I will wrap up Ken’s thoughts on Review III’s Introduction today, here goes:


Jesus’ final plea, then, is for us to use these lessons and not forget them, and when we do forget, to forgive ourselves.

Our learning has nothing to do with the intellectual mastery of a thought system.  As students of ACIM, we must certainly understand the text’s teaching.  However, understanding without application is meaningless – thus a text and a workbook.  Practicing the lessons – being vigilant for our resistance to the truth – will help us a great deal.  Note, too, the appeal to our humility be being reminded how little we have learned.  Recognizing we still have much to learn leaves us open to learning it, reminiscent of a somewhat similar statement in the fourth stage of the development of trust in the manual for teachers:  “He (the Teacher of God) has not yet come as far as he thinks: (M-4.I-A.6.10); there yet remain stages five and six.

“God’s need”, of course, is metaphoric.  We would all be in serious trouble if God needed us.  When Jesus speaks of our Father’s need, he is reflecting ours to accept the Atonement and remember we are already complete as God’s Will.  He thus asks us to think of our goal as we practice.  Remembering that we want to be healed because we want to awaken from the dream of pain is what motivates us to practice, practice, practice.  All teachers desire their students to learn, and Jesus is no exception.  He cannot help us without our wanting to be helped.”

Make note that Ken is speaking to paragraphs 12 and 13 above, the last two paragraphs in the introduction.



Bill’s has been fly fishing outside of Ashville, North Carolina for the last five days.  He loves the sport, always releases any fish he catches as do his companions, but he so enjoys ascertaining what flies the fish will be tantalized by, what to do when it’s windy, rainy/stormy, etc., not unlike many outdoor sports that require expertise, savvy and a willingness to continue to learn.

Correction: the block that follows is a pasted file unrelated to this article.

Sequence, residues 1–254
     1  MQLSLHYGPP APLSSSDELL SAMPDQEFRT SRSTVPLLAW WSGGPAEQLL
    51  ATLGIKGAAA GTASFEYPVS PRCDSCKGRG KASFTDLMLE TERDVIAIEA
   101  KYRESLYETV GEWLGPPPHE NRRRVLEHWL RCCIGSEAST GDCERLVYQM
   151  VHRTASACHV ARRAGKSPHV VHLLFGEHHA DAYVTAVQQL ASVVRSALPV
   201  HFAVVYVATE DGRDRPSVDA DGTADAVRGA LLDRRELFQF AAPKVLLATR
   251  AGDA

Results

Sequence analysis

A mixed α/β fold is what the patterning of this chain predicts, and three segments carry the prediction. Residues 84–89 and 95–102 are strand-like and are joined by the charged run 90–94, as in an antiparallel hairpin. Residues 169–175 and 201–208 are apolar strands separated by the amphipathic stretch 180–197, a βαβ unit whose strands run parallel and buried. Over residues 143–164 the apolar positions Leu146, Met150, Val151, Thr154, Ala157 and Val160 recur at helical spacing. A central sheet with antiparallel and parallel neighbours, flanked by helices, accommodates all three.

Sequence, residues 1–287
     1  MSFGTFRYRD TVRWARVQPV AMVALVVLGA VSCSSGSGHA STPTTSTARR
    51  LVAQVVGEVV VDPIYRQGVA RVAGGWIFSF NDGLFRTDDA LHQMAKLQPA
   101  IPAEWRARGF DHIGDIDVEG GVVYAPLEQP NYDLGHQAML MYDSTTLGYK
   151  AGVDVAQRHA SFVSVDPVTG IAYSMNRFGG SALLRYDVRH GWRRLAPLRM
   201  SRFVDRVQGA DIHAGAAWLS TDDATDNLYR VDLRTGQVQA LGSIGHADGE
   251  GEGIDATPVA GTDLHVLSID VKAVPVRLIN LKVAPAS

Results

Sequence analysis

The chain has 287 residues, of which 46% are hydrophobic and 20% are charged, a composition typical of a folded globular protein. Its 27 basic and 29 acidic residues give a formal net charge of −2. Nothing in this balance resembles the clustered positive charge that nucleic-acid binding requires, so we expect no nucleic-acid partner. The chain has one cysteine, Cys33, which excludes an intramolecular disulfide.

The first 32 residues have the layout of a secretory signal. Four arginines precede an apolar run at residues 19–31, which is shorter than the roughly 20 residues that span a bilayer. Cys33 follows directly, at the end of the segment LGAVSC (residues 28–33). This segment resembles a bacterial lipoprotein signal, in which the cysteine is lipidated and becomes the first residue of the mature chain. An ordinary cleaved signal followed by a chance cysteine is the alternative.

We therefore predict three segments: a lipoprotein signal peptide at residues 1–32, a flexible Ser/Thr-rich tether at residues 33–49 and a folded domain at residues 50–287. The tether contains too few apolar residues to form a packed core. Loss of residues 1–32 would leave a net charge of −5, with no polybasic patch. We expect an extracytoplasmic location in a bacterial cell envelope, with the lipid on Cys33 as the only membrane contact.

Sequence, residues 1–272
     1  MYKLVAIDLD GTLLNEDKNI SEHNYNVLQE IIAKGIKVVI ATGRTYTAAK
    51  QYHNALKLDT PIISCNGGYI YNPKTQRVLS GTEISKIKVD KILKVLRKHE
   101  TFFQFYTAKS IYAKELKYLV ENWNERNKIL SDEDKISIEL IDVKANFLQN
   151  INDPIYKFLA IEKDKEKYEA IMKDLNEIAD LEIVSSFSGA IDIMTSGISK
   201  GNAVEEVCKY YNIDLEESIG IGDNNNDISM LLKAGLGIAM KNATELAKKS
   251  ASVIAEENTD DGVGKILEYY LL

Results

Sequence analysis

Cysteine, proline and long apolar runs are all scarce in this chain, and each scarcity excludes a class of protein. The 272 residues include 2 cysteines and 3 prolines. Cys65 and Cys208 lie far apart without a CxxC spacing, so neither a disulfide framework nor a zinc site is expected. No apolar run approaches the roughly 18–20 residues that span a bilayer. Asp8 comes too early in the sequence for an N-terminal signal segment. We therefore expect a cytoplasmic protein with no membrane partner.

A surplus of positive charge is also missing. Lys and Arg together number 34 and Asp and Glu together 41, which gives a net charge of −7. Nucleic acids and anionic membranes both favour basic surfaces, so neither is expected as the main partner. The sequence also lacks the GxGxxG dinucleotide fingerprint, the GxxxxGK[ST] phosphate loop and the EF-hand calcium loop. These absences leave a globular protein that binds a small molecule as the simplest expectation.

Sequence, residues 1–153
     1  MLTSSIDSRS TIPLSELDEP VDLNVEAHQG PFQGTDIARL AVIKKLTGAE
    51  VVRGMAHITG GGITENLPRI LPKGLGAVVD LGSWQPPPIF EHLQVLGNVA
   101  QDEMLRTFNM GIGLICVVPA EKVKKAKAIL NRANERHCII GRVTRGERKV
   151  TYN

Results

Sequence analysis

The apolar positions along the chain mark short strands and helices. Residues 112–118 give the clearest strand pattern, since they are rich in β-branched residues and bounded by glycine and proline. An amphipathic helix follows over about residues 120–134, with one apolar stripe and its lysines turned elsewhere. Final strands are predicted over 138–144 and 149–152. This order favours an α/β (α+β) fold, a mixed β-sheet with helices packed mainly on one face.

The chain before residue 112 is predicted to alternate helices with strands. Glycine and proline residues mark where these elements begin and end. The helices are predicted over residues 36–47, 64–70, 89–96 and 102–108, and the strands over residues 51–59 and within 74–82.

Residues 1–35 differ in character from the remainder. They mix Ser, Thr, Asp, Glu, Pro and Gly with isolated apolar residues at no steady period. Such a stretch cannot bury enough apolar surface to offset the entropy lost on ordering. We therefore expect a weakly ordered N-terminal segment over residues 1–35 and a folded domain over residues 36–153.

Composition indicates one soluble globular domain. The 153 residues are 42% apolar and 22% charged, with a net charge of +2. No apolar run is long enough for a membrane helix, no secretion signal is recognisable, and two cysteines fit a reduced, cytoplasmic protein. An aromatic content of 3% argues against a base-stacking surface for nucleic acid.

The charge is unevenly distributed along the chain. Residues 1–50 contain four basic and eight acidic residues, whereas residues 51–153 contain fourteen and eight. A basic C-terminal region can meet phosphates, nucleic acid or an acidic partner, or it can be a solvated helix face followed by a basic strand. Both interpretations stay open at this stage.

One night, the five guys ate at a local “dive” in a small town with about 500 inhabitants, he had fish and chips and was up all night long with food poisoning.  He was miserable and they’re all staying in a small cabin with one small bathroom.  Bill is a very private man, shares nothing with people, just very guarded so he felt as though he were on public display, if you will.  He may not be at a point yet where he can look at this as an opportunity to learn that no one cares as much as he may think they do…that by being so protective of being hurt, ridiculed, made fun of, whatever his fear may be, always is enslaving.  I write this not because I am judging him, but it helps me, this experience of his, how often I do that too.  Make assumptions about what others are thinking as opposed to tuning into what I AM THINKING and FEELING!

Last night, he informed me he has to drive to Knoxville, he flew into this city and rented a car, drove to Ashville, return the rental he had and get a one-way rental to Chicago.  His flight this morning back here was cancelled due to our lousy snowy and rainy weather, they couldn’t rebook him until tomorrow night.  It’s a nine hour drive so he had to suck it up, accept he had no alternative and spend all day driving back to Chicago.

He took it in stride.  No big deal.  He’s traveled for decades, never complains, etc.

Interesting turn of events, I’d say.

My point is this.  We are always presented with unexpected occurrences in our lives.  Will we, will I just roll with it?  Can I see and accept that I am never upset for the reason I think without justifying it, without rationalizing it, without intellectualizing it?  Can I just be with whatever I am feeling, it’s always triggered by a judgment of someone including myself or something….can I just be with it, as Rev. Deb always states?  Not resisting it, not fighting it, just being still, deeply breathing and asking for help in releasing it?

You know, Lessons 5 and 23, here they are again.  “I am never upset for the reason I think” and “I can escape the world I see by giving up attack thoughts”.

Practice, practice, practice.

Yep, that’s what I’ll do and I’ll forget, it’s OK.  I will just forgive myself for straying back into the addiction of my individuality.

Have a blessed day!



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